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diversified field of study scarcely yet fairly entered upon; while their peculiar complexities, when considered in relation to nations broken up into numerous unlettered and nomade tribes, and with no predominant central nationality, seem to afford such facilities for everchanging combinations, that the difficulty of determining their radical elements is greatly increased in any attempt to compare their old and modern forms. Two languages, however, seem to invite special study, in addition to that of Mexico. The Maya, which presents striking contrasts to it in its soft, vocalic forms, has already been referred to as that to which we are attracted by some apparent relations to the remarkable antiquities, and the possible surviving civilisation, of Central America; while the Quichua was the classical language of South America, the richly-varied and comprehensive tongue, wherein, according to its older historians, the poets of Peru incorporated the national legends, and which the Incas vainly strove to make not only the Court language, but the medium of all official intercourse, and the common speech of their extended empire.

From some one of the early centres of South American population, planted on the Pacific coasts by Polynesian or other migration, and nursed in the neighbouring valleys of the Andes in remote prehistoric times, the predominant southern race diffused itself, or extended its influence through many ramifications. It spread northward beyond the Isthmus, expanded throughout the peninsular region of Central America, and after occupying for a time the Mexican plateau, it overflowed along either side of the great mountain chain, reaching towards the northern latitudes of the Pacific, and extending inland to the east of the Rocky Mountains, through the great valley watered by the Mississippi and its tributaries. It must not, however, be supposed that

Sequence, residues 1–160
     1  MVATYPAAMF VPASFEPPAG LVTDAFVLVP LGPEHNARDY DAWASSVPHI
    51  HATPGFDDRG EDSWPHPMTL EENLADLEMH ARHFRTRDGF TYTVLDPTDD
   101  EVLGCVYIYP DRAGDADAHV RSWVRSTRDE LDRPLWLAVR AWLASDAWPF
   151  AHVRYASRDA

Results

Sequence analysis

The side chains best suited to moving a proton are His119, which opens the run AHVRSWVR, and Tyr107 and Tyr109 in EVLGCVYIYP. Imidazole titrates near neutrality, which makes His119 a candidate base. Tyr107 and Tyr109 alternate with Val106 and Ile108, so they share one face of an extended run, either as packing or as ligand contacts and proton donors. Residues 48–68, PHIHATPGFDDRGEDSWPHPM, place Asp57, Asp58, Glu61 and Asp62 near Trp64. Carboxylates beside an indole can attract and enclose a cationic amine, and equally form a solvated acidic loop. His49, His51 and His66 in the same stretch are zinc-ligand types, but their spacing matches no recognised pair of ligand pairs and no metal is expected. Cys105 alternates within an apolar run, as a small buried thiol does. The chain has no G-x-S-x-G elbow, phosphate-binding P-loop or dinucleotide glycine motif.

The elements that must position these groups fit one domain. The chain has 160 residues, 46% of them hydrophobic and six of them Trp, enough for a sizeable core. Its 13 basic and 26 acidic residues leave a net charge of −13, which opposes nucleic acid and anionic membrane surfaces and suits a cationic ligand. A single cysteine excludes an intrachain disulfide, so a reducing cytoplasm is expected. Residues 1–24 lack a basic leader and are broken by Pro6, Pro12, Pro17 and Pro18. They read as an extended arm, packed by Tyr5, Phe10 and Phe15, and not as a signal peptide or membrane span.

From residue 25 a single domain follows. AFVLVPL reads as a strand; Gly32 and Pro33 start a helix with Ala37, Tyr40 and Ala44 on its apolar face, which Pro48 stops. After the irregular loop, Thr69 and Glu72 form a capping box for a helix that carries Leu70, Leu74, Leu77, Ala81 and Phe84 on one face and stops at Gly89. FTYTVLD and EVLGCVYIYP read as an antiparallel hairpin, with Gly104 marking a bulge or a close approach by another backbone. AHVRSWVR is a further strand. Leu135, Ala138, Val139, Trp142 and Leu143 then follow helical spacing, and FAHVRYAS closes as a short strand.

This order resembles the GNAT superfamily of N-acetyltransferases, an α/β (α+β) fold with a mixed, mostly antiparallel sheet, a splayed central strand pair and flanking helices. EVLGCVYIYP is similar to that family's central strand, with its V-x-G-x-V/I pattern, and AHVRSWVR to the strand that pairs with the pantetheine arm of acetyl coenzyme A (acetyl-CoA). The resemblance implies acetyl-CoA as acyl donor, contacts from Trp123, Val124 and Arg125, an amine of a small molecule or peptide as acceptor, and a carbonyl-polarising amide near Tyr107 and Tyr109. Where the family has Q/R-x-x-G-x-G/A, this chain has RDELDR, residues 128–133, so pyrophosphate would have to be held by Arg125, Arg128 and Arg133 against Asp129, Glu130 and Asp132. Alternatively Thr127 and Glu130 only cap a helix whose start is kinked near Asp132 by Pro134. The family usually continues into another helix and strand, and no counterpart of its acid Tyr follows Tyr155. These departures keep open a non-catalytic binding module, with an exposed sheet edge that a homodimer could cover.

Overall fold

such a hypothesis of migration implies the literal dif fusion of a single people from one geographical centre. I should no more think of designating either the Toltees or the Mound Builders Peruvians, than of calling the Iranian Indo-Germans Greeks. But many archaeological traces seem to indicate just such affinities between the former as have been suggested by the philological relations of the latter.

Thus far we have chiefly regarded the traces of oceanic migration by the southern Pacific route; but while its island groups appear to furnish facilities for such a transfer of population to the New World as evidence of various kinds tends to confirm, it seems scarcely to admit of doubt that the Canary Islands were known to the ancients, and that by Madeira and the Azores, on the one hand, and by the Cape Verde Islands, on the other, the Antilles and Brazil may have become centres of diverse ethnological elements, and also of distinctive arts and customs of the western hemisphere. The Carib race, which was the predominant one in the Lesser Antilles, and occupied extensive regions of the mainland toward the southern Atlantic seaboard, differed very strikingly, alike in mental and physical characteristies, from the races of Central and of North America, and still more so from those with whom they came in contact in the larger islands. Traces of words common to the Colfachi of Florida and the insular Caribs are probably the sole grounds for the tradition of a North American origin for the latter; though in cranial conformation their analogies are with the northern dolichocephalic nations. Greatly more interesting is the fact that, while their continental habitat belongs to the southern and not to the northern hemisphere, they also disclose Polynesian affinities in language and customs Dr. Latham remarks in his Varieties of Man: "In the